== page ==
Indonesian President Joko Widodo’s government has submitted a draft bill that is widely known as the “omnibus law.” It aims to increase competitiveness, create jobs and make it to easier to do business in Southeast Asia’s largest economy.
After years of negotiation, the Trans-Pacific Partnership (TPP), a massive new trade agreement, was signed in February this year by 12 nations. If it is ratified — a big “if” — it will bring important economic benefits to member nations, which include the US, Japan, Malaysia, Vietnam, Singapore, Brunei, Australia, New Zealand, Canada, Mexico, Chile and Peru — but not China. At first glance, it may seem surprising that the world’s second-largest economy isn’t participating. But if you take a deeper look at the pact and its requirements, the reasons become clear. They also shed light on China’s ambitions and the other initiatives it is pursuing to support them, even as the future of the TPP itself becomes increasingly cloudy.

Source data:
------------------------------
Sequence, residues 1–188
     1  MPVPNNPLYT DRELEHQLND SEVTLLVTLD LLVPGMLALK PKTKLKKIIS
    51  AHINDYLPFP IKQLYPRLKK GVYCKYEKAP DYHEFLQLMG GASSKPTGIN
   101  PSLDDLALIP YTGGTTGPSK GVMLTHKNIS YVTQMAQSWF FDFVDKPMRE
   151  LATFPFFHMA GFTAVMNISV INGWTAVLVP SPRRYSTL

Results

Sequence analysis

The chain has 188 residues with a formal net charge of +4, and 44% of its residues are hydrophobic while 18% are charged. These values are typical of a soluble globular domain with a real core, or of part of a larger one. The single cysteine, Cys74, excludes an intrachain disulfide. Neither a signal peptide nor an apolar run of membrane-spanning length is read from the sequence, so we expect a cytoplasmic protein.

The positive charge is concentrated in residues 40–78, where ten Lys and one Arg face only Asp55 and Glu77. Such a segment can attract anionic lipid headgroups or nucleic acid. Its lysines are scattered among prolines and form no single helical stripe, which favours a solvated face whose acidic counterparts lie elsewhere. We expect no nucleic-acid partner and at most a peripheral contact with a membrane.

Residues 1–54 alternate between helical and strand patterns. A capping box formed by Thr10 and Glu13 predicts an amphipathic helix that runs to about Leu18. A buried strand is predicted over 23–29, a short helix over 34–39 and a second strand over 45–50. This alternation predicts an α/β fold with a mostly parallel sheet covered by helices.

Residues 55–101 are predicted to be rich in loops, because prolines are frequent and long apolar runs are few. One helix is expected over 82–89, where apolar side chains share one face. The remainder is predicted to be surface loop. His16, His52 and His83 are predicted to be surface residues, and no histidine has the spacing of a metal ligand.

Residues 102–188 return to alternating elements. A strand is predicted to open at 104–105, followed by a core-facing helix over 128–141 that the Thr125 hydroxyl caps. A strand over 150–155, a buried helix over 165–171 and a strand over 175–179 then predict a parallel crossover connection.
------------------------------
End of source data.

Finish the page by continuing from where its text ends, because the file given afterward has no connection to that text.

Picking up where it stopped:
In this week's Global Glance we look at how Uber’s $3.5 billion injection may be a setback for women in Saudi Arabia; OPEC and global oil prices; and the mystery of King Tut's dagger solved.
In this week's Global Glance we look at fake social media profiles, the vulnerability of chocolate, and a 16-year-old French girl making American baseball history.
IKEA ready-to-assemble Swedish furniture warehouse is coming to greater Jakarta.
Shipments of smart devices to Mexico– PCs, tablets, and smartphones–grew 46% last year.
These are but two examples of why MINT is the latest buzz acronym for armchair traveling economists. MINT – Mexico, Indonesia, Nigeria, and Turkey